This session will look at how to use theatre games and exercises in teaching language arts, with particular emphasis on Shakespeare’s A Midsummer Night’s Dream. Participants will play games from Cambridge school of Shakespeare designed to increase the understanding of language, build oral communication skills and promote teamwork in the classroom. The session will be led by the instructor and rehearsal assistants from Valparaiso University’s Young Actors Shakespeare Workshop and applied and interactive theatre classes!

Getting Middle School Students Interested in the Brauer Museum of Art

Betty Gehring, presenter; Brauer Museum of Art, Valparaiso University

The docent at the Brauer Museum will present ideas on how to motivate middle school students to explore the Brauer Museum at Valparaiso University. Information about out-reach classroom presentations and available field trips to the museum will be presented.

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Special Education Strand

Curricular and Instructional Accommodations and Adaptations for Middle School Academic Content.

Maryann Dudzinski, presenter: Valparaiso University

Participants will receive “how-to” information, examples, and forms that can be used to develop accommodations and adaptations in general education curriculum areas for middle school students with special needs. Participants will all receive information on the research base that demonstrates these techniques have a positive impact on student learning.


A Twist in Perspective for Students with Special Needs

Doris Cole, presenter: Valparaiso University

Struggling to create adaptations for your students with special needs? Our typical slant on adaptations for students in special education is to find different ways for them to learn or demonstrate what they know. For fifty minutes we will twist that idea and look at it from a different perspective.

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General Topics Strand



Keynote follow-up: On the Yellow Brick Road You’ll Find the Magic

Dan Massa, keynote speaker follow-up; Porter County Interlocal

When you first considered being an educator, academic and affect were shared jobs of home and school. Today good deals of both arenas fall on the professional’s shoulders. Come share an affective program designed by a teacher to fit your classroom and meet state needs. You don’t need Oz’s Wizard…you just need to be reminded of the magic you own. (Resource booklets different from general session)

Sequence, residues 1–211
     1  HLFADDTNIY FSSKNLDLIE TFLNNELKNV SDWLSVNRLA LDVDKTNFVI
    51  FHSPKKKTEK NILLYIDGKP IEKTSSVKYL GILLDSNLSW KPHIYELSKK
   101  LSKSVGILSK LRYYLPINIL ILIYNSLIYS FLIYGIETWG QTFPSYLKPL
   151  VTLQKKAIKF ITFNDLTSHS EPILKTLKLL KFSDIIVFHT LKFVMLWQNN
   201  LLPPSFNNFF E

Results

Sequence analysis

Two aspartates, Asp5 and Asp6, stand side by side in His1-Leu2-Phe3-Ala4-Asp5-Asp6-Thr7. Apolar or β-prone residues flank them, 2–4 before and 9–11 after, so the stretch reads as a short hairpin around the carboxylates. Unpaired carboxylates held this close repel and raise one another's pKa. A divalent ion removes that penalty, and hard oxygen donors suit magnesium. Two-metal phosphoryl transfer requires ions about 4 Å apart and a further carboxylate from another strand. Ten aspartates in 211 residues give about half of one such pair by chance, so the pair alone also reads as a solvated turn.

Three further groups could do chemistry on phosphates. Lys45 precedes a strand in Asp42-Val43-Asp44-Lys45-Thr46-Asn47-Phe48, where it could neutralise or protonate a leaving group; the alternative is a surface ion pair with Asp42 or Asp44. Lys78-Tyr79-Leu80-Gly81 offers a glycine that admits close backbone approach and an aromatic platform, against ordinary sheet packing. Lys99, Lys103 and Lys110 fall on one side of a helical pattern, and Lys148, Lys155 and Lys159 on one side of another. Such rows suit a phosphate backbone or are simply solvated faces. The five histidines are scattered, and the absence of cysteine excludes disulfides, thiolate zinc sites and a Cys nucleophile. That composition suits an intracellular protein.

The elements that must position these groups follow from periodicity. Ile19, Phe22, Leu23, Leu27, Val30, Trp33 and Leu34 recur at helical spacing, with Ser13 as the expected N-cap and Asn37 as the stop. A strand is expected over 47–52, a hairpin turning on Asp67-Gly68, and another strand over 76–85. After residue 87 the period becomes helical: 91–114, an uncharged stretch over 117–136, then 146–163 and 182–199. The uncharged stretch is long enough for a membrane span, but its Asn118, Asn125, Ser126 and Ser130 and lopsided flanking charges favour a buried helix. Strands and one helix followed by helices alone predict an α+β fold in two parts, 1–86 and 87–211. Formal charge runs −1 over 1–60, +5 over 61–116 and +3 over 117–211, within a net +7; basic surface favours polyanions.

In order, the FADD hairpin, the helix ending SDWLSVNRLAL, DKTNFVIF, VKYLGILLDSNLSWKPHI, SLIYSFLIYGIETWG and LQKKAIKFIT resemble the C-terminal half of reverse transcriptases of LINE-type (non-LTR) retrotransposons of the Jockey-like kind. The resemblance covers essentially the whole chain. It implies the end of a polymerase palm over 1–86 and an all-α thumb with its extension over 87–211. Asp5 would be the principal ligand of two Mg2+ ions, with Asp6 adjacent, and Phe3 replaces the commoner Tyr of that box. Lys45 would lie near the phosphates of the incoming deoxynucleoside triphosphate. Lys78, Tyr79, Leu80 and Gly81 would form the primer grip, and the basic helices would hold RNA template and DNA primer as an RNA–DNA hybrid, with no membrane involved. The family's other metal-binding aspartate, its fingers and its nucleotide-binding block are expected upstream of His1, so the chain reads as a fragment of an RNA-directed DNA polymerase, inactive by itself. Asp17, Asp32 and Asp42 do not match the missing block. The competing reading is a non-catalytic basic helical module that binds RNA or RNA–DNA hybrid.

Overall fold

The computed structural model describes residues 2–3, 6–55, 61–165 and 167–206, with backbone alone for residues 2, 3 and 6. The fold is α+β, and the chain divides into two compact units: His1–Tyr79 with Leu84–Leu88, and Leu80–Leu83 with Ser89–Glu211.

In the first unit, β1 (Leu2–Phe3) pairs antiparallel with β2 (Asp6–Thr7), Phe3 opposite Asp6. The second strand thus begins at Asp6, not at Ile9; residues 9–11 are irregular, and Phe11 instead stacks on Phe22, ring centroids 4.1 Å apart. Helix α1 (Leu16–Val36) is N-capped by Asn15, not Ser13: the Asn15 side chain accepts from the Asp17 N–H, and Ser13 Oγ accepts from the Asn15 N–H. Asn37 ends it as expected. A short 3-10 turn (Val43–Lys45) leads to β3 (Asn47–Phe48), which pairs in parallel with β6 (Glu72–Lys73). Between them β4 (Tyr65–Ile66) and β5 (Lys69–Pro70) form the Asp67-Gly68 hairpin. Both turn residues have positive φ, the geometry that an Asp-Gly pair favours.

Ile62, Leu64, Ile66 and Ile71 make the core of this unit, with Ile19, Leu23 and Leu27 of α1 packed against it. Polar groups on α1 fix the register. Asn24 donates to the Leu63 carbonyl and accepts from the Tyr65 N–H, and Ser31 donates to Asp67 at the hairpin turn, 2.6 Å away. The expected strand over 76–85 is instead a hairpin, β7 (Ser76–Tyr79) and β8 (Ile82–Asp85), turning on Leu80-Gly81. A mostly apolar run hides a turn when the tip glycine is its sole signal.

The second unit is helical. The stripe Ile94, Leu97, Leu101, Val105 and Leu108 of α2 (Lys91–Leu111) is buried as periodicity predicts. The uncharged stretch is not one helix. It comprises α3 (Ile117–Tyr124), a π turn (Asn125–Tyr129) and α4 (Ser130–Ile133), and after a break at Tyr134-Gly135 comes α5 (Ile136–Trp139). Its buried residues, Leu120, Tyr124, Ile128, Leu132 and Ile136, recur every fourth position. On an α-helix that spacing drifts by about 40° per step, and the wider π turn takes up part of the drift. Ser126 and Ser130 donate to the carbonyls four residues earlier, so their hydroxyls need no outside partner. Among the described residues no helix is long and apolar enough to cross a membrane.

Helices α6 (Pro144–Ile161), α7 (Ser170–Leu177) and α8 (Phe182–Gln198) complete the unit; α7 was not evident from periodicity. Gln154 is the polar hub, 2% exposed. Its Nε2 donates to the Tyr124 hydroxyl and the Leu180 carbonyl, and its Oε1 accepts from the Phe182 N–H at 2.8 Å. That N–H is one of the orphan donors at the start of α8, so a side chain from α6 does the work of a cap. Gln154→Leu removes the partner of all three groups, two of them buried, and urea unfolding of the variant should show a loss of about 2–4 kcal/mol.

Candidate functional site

Creating a Safer Schools – Shifting Social Norms

Denise Koebcke and Erin Woike presenters; Thomas Jefferson Middle School; Caring Place

Creating a safe social climate in our schools can encourage and maximize academic success as well as personal well being for our students. Learning about relational aggression and the bullying circle can help both students and teachers deal more positively with social issues in school and beyond.

The Scoop on the Loop

Bonnie Stephens, Diane Klikus, Sherry Sako and Eric Stoelb, presenters; Hobart Middle School

“Looping has been identified by the International Center for Leadership in Education as a vital component of the programs of the top 30 schools in the nation. Come find out more about looping at the middle level as we share our experiences with you.

Racing through Academic Advisory and State Standards

Reggie Flesvig, presenter; Boone Grove Middle School

Participants will learn how the 8th grade team of teachers at Boone Grove Middle school designed and implemented an advisory program that sharpens student’ skills in math and language arts and addresses Indiana state standards. Using a racing theme, this program incorporates cooperative teams and problem-solving activities to increase student motivation. The successes and pitfalls of this program will be demonstrated and discussed.

Tracking Students to Success

Joann Epple, presenter: Kankakee Valley Middle School

We all know the frustration of working with underachievers. Part of the reason these kids underachieve is that they have figured out how to disrupt school/ home communications, as well as how to disrupt communications within their own schools. Attend this session to learn how to track them to success.

Drive of Your Life

Dennis Tooley, presenter; Indiana Youth Institute – Northwest Indiana Field Representative

An overview of a new Web-based resource to assist young people with the pursuit of careers and educational choices. This service is combined with a companion site for parents called “Trip to College”. Now is the time to help students prepare for education and careers.